In the best-case scenario, every type of (sentient) animal product now consumed - every kind of flesh, dairy, eggs, collagen, leather, fur, silk, honey, etc. - has a cost-competitive exact substitute available worldwide, and these substitutes require no harm to animals*.  (In vitro meat currently requires fetal bovine serum, which is extracted from the heart of an unborn calf1.  Even a scenario in which cruelty-free methods were not available would be a substantial improvement, given that vastly fewer animals would be necessary to meet animal product demand2, but may still involve some animals kept in factory farm-like conditions subjected to painful procedures.)  Not only does this directly cause reductions in suffering as people switch from in vivo to in vitro animal products, it places the animal rights movement in a much stronger position to argue for legal bans on animal exploitation, as it becomes less tenable to regard animal exploitation as “necessary” (I use scare quotes because animal exploitation is, of course, already unnecessary in the great majority of cases).


Pushing for legal bans will be crucial, since we cannot count on demand alone to dispense with factory farming.  First, some animal products involving horrific cruelty already have convincing substitutes - faux fur, for instance - but remain on the market.  Second, growing concern over genetically modified organisms and a trend toward “natural” eating suggests that a significant proportion of consumers are likely to be opposed to artificial meat on the grounds of its unnaturalness. Lastly, the few opinion polls conducted on the subject reveal a widespread aversion to artificial meat**:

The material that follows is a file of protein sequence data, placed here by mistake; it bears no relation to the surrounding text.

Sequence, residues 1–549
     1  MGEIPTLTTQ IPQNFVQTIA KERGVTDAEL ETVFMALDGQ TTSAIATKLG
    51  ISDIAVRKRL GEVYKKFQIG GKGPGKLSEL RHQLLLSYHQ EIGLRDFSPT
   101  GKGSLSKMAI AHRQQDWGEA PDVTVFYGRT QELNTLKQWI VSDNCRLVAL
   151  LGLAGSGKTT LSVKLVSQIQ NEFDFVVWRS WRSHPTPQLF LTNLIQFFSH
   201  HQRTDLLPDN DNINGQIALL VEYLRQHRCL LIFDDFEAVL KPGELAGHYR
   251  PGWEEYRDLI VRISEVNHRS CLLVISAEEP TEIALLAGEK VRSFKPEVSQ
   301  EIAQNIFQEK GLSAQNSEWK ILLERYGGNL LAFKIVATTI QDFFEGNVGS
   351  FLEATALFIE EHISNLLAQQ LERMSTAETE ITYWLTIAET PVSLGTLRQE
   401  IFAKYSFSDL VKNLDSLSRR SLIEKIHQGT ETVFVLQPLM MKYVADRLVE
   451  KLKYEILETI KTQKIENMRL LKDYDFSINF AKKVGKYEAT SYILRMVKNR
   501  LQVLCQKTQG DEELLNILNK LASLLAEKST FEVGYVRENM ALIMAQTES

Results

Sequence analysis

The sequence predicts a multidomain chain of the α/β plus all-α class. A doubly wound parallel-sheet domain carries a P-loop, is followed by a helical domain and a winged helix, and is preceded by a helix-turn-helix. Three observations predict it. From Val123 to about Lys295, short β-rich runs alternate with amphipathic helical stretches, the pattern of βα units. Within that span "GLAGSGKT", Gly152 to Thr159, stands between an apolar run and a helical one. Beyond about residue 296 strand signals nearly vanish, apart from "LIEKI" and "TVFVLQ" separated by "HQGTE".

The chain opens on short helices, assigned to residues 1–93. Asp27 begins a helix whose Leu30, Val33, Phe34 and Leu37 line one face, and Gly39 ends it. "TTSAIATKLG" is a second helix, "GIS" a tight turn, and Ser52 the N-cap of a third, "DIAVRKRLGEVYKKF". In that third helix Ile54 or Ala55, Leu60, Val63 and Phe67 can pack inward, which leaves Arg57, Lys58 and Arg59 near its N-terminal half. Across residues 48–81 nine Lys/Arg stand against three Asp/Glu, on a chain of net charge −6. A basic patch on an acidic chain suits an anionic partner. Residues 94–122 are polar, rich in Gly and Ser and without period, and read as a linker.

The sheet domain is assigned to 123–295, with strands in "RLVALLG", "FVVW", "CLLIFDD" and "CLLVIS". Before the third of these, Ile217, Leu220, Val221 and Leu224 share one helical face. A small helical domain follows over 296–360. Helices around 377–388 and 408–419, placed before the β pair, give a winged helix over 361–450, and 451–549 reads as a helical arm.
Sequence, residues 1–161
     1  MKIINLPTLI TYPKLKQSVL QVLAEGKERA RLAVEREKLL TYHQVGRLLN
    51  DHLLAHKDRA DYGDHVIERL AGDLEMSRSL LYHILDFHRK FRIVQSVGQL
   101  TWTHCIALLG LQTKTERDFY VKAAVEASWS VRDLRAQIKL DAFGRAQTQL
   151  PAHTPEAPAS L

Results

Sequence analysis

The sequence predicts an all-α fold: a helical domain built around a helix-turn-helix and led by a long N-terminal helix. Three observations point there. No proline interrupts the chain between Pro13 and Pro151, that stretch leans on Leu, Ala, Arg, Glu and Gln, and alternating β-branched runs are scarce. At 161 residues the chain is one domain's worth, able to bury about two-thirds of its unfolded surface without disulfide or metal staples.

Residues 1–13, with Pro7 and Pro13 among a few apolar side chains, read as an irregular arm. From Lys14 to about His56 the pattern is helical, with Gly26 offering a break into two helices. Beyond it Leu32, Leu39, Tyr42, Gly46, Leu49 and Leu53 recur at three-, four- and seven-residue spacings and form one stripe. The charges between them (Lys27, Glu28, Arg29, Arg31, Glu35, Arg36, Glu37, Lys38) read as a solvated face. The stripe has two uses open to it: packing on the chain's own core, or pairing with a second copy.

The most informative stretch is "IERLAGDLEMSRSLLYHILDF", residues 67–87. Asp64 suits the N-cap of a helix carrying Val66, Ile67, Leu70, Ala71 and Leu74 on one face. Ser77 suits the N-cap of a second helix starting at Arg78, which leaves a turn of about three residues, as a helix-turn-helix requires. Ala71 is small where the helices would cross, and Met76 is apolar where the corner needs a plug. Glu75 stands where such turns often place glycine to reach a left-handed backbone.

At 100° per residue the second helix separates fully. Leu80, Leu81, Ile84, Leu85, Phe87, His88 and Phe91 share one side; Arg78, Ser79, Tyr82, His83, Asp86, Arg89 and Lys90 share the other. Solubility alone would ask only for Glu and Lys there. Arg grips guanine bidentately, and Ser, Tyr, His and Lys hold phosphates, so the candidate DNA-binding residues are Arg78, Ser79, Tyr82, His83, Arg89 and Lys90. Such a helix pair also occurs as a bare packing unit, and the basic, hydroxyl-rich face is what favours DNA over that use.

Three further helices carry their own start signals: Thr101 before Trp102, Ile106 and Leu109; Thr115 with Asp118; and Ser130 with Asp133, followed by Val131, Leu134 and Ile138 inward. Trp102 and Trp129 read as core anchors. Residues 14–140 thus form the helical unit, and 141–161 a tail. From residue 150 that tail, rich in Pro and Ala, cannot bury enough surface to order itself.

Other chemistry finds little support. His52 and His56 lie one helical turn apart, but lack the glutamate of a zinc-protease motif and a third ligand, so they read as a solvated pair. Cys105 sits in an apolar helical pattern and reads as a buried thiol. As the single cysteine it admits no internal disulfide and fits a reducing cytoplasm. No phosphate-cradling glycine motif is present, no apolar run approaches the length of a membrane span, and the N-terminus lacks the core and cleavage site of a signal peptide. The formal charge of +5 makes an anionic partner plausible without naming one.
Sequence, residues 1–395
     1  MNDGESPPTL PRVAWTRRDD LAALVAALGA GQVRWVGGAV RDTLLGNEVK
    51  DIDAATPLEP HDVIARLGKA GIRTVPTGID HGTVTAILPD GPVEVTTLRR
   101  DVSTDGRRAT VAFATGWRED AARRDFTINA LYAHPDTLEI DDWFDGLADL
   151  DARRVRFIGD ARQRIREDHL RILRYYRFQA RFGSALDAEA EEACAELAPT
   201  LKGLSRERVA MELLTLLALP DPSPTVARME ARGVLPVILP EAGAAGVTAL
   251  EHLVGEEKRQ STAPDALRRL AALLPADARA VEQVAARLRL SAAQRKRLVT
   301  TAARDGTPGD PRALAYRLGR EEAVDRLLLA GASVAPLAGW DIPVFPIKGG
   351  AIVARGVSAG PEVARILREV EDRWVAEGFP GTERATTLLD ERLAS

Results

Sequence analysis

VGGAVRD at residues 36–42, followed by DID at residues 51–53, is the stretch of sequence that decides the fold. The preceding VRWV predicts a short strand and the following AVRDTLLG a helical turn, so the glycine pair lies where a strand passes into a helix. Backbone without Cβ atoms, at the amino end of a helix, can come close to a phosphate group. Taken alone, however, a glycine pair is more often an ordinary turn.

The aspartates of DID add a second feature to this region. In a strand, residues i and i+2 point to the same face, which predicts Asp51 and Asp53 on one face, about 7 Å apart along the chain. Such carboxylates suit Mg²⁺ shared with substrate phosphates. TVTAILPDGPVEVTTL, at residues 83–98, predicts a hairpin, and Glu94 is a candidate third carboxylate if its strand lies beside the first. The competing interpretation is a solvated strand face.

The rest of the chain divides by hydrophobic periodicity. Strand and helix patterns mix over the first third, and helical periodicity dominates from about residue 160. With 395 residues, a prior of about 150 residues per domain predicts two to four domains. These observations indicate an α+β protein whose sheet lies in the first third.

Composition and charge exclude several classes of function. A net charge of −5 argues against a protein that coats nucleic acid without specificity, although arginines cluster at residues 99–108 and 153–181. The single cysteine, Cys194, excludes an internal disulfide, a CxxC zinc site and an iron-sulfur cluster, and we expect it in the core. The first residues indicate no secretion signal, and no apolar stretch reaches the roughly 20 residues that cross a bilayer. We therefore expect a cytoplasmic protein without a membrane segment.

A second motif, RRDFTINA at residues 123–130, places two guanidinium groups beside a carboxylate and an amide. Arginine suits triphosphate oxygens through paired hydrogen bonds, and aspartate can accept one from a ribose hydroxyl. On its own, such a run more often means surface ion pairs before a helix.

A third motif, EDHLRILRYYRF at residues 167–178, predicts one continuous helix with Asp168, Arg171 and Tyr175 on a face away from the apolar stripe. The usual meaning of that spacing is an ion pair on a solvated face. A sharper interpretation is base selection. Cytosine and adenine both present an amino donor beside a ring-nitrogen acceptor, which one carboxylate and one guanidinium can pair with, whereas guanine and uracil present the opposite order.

• 2014 Pew Survey: 78% of Americans say they would not “eat meat grown in a lab”3

  • 2012 YouGov survey: 62% of British say they “probably would not eat” artificial meat4

  • 2005 EU survey: 54% of Europeans would “never” approve of artificial meat5


Now, it is entirely possible that disapproval of cultured meat will abate.  In vitro fertilization is one example of an accepted practice which was once opposed by a significant fraction of the population due to its “unnaturalness”, though according to a Gallup poll taken in 1978the year the first “test-tube baby” was bornonly 28% opposed IVF, much lower than the numbers opposed to in vitro meat21.  But the transition from distaste to acceptance is by no means assured: for instance, GMO opposition seems to be gaining in popularity, with growing demand for non-GMO foods22 and major food companies getting rid of GMO ingredients23 and labeling GMO-containing products24.


I get the impression that many EAs believe the total replacement of factory farming by cellular agriculture is inevitable.  But humans have long inflicted extreme suffering on animals  for utterly trivial reasons.  I worry that abnormally rational and altruistic people may underestimate the persistence of animal product demand even when ethical substitutes require the tiniest psychological burden (vague discomfort, change of routine, etc.).  Environmental protection, biosecurity, and healthall of which may be improved by cellular agricultureappear to be similarly insufficient motivators.